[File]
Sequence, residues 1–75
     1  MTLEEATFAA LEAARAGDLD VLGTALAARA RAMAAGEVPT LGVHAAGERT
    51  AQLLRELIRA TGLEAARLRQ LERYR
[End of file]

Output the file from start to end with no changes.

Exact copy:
Sequence, residues 1–75
     1  MTLEEATFAA LEAARAGDLD VLGTALAARA RAMAAGEVPT LGVHAAGERT
    51  AQLLRELIRA TGLEAARLRQ LERYR